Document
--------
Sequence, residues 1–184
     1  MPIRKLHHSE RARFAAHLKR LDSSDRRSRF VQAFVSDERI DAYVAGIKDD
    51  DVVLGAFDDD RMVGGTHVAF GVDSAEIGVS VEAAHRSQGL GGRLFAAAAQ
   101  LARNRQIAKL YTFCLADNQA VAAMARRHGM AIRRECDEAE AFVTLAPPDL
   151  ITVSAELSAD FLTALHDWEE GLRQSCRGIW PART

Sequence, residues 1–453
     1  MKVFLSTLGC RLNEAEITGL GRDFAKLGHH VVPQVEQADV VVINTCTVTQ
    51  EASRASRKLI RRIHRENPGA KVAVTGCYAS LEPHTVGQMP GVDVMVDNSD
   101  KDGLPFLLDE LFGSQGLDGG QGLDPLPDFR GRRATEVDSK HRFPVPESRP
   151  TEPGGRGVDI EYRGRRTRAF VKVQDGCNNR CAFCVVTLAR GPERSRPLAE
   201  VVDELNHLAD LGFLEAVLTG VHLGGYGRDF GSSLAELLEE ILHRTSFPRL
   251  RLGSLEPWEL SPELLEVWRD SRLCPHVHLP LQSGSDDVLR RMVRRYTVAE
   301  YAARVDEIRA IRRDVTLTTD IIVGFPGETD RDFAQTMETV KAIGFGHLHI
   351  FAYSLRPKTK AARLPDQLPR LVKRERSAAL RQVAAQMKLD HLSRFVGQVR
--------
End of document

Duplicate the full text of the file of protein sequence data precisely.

Sequence, residues 1–184
     1  MPIRKLHHSE RARFAAHLKR LDSSDRRSRF VQAFVSDERI DAYVAGIKDD
    51  DVVLGAFDDD RMVGGTHVAF GVDSAEIGVS VEAAHRSQGL GGRLFAAAAQ
   101  LARNRQIAKL YTFCLADNQA VAAMARRHGM AIRRECDEAE AFVTLAPPDL
   151  ITVSAELSAD FLTALHDWEE GLRQSCRGIW PART

Sequence, residues 1–453
     1  MKVFLSTLGC RLNEAEITGL GRDFAKLGHH VVPQVEQADV VVINTCTVTQ
    51  EASRASRKLI RRIHRENPGA KVAVTGCYAS LEPHTVGQMP GVDVMVDNSD
   101  KDGLPFLLDE LFGSQGLDGG QGLDPLPDFR GRRATEVDSK HRFPVPESRP
   151  TEPGGRGVDI EYRGRRTRAF VKVQDGCNNR CAFCVVTLAR GPERSRPLAE
   201  VVDELNHLAD LGFLEAVLTG VHLGGYGRDF GSSLAELLEE ILHRTSFPRL
   251  RLGSLEPWEL SPELLEVWRD SRLCPHVHLP LQSGSDDVLR RMVRRYTVAE
   301  YAARVDEIRA IRRDVTLTTD IIVGFPGETD RDFAQTMETV KAIGFGHLHI
   351  FAYSLRPKTK AARLPDQLPR LVKRERSAAL RQVAAQMKLD HLSRFVGQVR